We’ve all done it. In fact, studies show that from time-to-time nearly everyone puts off tasks they know they should do right away. But why do we procrastinate? And more importantly, how can we overcome the urge to do so? Today, Ignitia Office examines some of the leading causes – and cures – of procrastination.

In his work, Solving the Procrastination Puzzle, researcher Timothy Pychyl claims there are seven main triggers for why we procrastinate. The seven reasons given are when we find tasks:





-Lacking in Personal Meaning

-Not Intrinsically Rewarding


One of the first ways we can start to overcome our procrastination on a task is by identifying which of these seven categories is preventing you from doing your work. Once you identify what exactly is holding you back, it can be much easier to address the problem going forward.

In order to address the problem, Pychyl says most people find it useful to take one of the following steps:

Just Get Started

When facing a task we dread often it is the notion that this task must be completed in one sitting that overwhelms us. According to Pychyl, one of the most effective ways to combat this feeling is by letting go of the idea that we will have to complete the entire task all at once. Instead, Pychyl recommends to simply begin the task. According to Pychyl, typically once you overcome the initial hurdle of actually starting the project and are actually working on it, you will often end up spending much more time on it than you even originally anticipated.

Practice ‘Implementation Intentions’

One of the most helpful tools in combating procrastination is what Pychyl calls, ‘Implementation Intentions’. Also known as IF-THEN statements, these can be incredibly powerful. What an implementation intention does is essentially create a rudimentary plan for the work. According to Pychyl, by simply answering the questions of when, where, and how you will do the work you have greatly increases your chances of actually performing the task. The reason for this is that by answering these ‘when, where, and how’ questions, you establish in your mind an IF directive. For example, if you tell yourself, ‘On Sunday, after breakfast, I will study in my room’, you have established in your mind an anticipation of work directive. Thus, when the ‘after breakfast on Sunday’ predetermination is fulfilled, your mind automatically shifts to the THEN portion of the process and prepares to fulfill the work portion of the process and thus close the cycle. Implementation intentions are incredible useful and are often the only tool individuals need in order to complete their task.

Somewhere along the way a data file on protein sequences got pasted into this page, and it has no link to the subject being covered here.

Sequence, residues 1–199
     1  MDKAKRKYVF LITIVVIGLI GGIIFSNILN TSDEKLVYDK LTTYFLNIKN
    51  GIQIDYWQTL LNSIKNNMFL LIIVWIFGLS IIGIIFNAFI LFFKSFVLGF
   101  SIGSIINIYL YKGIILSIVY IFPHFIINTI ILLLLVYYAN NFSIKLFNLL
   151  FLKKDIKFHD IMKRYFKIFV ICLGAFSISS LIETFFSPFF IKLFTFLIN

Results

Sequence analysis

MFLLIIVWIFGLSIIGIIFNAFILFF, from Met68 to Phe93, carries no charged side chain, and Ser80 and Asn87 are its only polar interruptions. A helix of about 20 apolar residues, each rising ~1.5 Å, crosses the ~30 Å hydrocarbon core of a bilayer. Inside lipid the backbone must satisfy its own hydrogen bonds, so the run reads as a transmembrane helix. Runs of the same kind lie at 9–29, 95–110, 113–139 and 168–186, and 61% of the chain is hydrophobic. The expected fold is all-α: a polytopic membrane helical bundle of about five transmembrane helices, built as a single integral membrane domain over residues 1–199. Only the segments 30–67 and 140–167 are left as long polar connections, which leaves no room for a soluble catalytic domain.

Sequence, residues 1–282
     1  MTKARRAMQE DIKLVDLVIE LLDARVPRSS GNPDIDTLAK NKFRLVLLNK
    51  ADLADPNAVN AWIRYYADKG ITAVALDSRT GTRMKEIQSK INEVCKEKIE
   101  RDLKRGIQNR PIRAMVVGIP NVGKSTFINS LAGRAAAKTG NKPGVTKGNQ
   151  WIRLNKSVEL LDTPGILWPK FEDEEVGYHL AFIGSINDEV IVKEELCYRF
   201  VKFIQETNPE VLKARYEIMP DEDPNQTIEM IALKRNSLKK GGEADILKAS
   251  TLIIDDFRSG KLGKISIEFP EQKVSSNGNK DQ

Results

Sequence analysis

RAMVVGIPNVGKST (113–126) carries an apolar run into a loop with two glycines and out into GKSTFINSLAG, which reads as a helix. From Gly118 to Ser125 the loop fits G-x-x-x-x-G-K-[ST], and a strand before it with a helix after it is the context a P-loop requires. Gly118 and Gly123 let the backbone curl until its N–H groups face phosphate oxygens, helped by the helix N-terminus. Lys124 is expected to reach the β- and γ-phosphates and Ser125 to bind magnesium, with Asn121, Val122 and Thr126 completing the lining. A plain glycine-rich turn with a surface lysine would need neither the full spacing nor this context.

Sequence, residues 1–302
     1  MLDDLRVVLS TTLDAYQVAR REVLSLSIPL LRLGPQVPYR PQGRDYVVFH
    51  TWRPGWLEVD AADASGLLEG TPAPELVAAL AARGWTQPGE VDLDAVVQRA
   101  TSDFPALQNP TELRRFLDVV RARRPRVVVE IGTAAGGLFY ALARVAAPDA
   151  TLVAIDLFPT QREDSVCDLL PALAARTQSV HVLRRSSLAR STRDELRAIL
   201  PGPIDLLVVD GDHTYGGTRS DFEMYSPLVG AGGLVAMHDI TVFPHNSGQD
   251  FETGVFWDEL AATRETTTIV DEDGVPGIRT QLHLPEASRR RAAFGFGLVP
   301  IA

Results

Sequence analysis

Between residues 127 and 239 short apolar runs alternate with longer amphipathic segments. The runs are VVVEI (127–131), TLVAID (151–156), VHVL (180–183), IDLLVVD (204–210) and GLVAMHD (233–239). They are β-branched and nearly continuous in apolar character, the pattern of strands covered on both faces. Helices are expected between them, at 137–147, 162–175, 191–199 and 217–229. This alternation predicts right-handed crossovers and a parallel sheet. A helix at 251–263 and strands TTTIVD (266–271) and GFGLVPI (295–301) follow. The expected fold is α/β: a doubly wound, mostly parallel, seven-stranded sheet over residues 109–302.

Avoid the One Minute Rule

One of the biggest fallacies we engage in when we procrastinate is called the, ‘One Minute Rule’. The rule states that the thing we are allowing us to become distracted will only take a minute. For example, if you are working and are suddenly struck with the urge to check Facebook, the reason you tell yourself it is okay to do so is the fact that it will ‘only take one minute’. This however, is almost never the case. Instead, one quick check on Facebook soon grows into a check of email, then the news, and before you know it your attention has been derailed for much longer than you intended. Pychyl encourages people to not fall into this trap, and instead urges us to pay attention to this impulse when it arises and to refrain from indulging in it.

Avoid Multi-tasking

Studies have repeatedly shown that multi-tasking is simply not possible. Instead, what people mean when they say ‘multi-tasking’ is actually shifting their attention from one task to another in rapid succession. According to Pychyl, it is far more effective to concentrate on a single task until completion before attempting to move to any other. If we can avoid distractions such as the myth of multi-tasking, we will greatly reduce our temptations to procrastinate.

Forgive Yourself

Finally, when you do catch yourself procrastinating (and you will), Pychyl suggests the best course of action is to not beat yourself up over it. Instead, Pychyl claims it is far more effective to forgive yourself for allowing your attention to stray. Pychyl claims that doing so will actually reduce instances of procrastination on similar tasks in the future. Though it may seem counterintuitive, Pychyl claims the approach works time and time again.

By utilizing the tools above you too will soon be able to reduce your instances of procrastination in the future.